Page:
I can just feel this anxiety coming across. Deitrick is so excited and so persistent in his vision.  His easy use of the terms, “my brother and sister” definitely throws his family for a loop.   Deitrick asks his father if the Troupes will be welcome at dinner. His father lobs the question at Mama Joyce, saying, “she’s the one that has a problem.”  In his talking head, Deitrick posits that Joyce has a problem because these new siblings are around his same age, meaning that his father was cheating on his mother.

Nawl Deitrick.  You are trying to paint your mother like she is a petty person, concerned about the escapades of your father who has been dead for years.  Deitrick seems like he has a low opinion of his mother to think that is what is driving her response.   Momma Joyce is probably uncomfortable because she has a very different relationship with your father versus your very limited memories of him.  You just informed her that you have some siblings, never mind the fact that you have completely embraced them even though you just met them.  And now you expect her to not only absorb all these changes, but cook dinner and be cordial to people who are essentially strangers to her.  That is a lot to expect from someone.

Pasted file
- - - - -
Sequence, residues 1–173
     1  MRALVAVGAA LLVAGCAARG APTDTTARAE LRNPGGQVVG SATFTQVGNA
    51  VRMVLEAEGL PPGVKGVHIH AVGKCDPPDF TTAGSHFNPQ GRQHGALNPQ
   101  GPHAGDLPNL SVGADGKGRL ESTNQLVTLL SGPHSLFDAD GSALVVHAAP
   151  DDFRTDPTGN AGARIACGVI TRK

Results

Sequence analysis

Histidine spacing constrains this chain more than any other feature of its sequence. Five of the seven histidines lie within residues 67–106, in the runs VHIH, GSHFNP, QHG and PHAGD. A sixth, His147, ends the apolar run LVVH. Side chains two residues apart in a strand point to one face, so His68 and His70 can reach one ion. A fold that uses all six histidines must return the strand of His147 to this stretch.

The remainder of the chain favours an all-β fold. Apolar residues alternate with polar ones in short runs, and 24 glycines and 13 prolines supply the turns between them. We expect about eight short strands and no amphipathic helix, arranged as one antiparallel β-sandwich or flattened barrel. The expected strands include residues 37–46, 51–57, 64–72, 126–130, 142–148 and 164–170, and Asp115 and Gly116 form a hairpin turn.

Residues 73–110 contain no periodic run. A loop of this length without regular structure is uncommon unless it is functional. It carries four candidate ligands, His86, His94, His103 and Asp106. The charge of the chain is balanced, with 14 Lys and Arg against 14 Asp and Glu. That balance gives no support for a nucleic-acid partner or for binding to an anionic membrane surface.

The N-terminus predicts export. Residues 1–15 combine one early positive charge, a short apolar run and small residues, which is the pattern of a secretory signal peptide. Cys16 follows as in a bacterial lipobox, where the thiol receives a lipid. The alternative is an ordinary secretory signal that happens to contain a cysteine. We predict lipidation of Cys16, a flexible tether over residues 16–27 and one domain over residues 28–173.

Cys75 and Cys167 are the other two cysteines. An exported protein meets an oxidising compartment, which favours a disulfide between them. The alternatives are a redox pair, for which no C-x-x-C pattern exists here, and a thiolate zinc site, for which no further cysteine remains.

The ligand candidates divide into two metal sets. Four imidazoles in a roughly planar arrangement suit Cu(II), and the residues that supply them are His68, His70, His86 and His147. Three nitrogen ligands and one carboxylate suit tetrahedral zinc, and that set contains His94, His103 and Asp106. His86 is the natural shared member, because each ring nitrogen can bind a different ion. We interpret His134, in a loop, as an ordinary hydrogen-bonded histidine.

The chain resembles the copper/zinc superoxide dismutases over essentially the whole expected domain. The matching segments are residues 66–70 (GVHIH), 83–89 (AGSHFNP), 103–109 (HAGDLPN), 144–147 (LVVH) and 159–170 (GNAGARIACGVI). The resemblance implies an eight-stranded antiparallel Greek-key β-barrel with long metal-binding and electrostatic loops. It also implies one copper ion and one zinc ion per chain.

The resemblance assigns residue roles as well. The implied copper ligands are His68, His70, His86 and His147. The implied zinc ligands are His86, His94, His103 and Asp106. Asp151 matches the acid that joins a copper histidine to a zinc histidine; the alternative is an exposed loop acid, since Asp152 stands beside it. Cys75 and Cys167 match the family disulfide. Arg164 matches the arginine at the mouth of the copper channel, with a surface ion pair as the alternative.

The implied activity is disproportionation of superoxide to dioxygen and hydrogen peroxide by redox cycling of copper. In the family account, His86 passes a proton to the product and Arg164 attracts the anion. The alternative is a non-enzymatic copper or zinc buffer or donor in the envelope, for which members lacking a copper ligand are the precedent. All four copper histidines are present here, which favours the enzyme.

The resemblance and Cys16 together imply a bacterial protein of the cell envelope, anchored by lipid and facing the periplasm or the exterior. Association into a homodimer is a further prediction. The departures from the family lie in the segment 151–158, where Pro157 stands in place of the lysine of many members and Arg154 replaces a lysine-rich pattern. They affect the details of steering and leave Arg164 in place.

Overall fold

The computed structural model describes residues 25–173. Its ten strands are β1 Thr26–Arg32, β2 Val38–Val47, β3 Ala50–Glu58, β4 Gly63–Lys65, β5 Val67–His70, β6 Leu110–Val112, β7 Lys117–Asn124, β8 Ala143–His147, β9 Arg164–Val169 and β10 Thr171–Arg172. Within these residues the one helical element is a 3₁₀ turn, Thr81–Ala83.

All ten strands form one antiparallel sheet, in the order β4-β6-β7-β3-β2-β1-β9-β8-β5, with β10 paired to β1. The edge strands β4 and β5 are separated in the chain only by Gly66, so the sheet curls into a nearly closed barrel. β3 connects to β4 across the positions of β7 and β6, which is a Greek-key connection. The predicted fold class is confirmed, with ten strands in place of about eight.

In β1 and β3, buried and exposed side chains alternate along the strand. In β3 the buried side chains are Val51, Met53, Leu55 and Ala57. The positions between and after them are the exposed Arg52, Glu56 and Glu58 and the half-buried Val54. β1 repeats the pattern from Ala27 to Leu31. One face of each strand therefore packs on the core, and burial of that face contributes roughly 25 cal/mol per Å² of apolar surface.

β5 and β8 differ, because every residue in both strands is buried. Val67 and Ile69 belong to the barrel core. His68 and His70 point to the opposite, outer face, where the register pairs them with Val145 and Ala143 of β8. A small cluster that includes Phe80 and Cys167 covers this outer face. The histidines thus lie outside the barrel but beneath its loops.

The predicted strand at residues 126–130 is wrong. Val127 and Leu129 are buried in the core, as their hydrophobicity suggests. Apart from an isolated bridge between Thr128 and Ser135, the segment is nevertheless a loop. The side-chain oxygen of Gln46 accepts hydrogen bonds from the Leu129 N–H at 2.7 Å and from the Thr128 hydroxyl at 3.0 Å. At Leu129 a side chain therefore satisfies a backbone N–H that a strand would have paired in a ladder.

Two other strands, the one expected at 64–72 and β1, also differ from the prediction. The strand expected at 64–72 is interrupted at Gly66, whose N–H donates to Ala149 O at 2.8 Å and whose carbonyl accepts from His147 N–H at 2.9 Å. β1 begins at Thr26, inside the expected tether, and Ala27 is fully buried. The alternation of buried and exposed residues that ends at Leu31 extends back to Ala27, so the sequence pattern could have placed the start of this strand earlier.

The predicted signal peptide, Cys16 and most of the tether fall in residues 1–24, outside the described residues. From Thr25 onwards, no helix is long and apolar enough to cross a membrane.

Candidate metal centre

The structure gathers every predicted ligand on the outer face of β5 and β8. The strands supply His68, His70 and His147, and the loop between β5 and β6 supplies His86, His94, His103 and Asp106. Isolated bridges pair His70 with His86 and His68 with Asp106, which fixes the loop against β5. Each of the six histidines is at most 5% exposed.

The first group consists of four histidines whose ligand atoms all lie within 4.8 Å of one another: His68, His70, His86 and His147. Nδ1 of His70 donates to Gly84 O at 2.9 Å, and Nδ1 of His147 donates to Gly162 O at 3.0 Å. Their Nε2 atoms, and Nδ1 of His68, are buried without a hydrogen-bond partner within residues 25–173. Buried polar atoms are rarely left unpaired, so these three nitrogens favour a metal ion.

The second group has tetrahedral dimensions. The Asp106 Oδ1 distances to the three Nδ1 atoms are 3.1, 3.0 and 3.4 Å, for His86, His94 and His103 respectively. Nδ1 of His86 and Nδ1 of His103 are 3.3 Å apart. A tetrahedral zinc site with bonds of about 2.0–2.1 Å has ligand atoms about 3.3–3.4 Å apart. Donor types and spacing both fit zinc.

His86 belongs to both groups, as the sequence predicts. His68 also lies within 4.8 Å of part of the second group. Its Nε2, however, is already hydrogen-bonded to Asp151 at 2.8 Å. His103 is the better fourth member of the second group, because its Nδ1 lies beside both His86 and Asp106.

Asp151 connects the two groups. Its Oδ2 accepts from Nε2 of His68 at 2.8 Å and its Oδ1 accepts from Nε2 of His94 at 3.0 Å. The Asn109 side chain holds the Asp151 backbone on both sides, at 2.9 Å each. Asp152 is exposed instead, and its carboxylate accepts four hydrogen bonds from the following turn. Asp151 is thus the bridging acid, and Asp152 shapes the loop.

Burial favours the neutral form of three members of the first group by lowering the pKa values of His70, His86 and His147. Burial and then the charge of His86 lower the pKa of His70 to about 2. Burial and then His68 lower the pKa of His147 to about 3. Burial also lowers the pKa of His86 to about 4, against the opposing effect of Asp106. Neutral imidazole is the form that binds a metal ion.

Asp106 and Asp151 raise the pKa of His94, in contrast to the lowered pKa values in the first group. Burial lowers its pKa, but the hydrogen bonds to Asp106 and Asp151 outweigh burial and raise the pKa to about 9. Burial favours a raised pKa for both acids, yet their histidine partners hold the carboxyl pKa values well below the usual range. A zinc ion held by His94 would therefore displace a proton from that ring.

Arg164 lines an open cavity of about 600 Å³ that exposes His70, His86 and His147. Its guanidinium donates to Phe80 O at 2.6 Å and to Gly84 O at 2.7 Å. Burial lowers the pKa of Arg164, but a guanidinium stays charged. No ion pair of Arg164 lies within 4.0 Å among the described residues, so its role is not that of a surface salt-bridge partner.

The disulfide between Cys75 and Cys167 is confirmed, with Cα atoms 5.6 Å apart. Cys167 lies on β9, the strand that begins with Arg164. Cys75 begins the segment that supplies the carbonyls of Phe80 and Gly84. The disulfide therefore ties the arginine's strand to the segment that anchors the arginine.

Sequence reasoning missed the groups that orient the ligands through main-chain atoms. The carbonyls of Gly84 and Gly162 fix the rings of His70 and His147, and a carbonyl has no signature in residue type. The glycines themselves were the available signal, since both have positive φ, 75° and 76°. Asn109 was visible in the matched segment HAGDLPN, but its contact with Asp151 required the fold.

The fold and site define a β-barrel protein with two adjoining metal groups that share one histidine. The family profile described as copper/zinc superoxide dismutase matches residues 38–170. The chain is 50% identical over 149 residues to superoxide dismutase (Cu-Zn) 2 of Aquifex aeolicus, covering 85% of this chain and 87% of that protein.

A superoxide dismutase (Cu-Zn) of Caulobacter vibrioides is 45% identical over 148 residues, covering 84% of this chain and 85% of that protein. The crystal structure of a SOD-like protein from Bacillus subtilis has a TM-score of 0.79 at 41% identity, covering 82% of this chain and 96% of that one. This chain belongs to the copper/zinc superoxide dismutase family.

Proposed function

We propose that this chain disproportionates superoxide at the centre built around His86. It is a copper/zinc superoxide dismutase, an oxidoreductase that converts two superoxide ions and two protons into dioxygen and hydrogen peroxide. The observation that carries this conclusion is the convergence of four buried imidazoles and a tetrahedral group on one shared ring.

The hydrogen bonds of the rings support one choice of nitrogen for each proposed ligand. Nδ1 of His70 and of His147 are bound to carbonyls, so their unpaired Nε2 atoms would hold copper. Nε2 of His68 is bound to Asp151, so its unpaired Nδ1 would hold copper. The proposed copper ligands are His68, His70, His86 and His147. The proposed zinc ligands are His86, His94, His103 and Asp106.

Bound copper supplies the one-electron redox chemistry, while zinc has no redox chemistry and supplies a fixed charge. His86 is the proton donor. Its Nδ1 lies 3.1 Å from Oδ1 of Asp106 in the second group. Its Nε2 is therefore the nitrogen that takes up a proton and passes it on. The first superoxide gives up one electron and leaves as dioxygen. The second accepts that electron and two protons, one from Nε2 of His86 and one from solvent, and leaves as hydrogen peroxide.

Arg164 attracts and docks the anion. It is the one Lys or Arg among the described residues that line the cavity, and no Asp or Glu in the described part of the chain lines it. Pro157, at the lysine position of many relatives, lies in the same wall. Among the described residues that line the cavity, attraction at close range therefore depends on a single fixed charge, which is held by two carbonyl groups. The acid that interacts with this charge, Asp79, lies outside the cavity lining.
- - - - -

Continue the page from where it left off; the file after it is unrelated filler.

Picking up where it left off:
Well, Momma Joyce is working it out in her mind.  She’s on board this plan, with a caveat.  He needs to work this issue out with his sister Zina, the main one that was against his journey to find his father’s family.

Deitrick starts telling his family about his new brother and sister and how they are such great people.  He gives an ultimatum, “if you love me, then you will love them.”  Record scratch.  They have a conversation about how Deitrick’s life could have been different if he hadn’t been raised by Bishop Haddon.  Welp.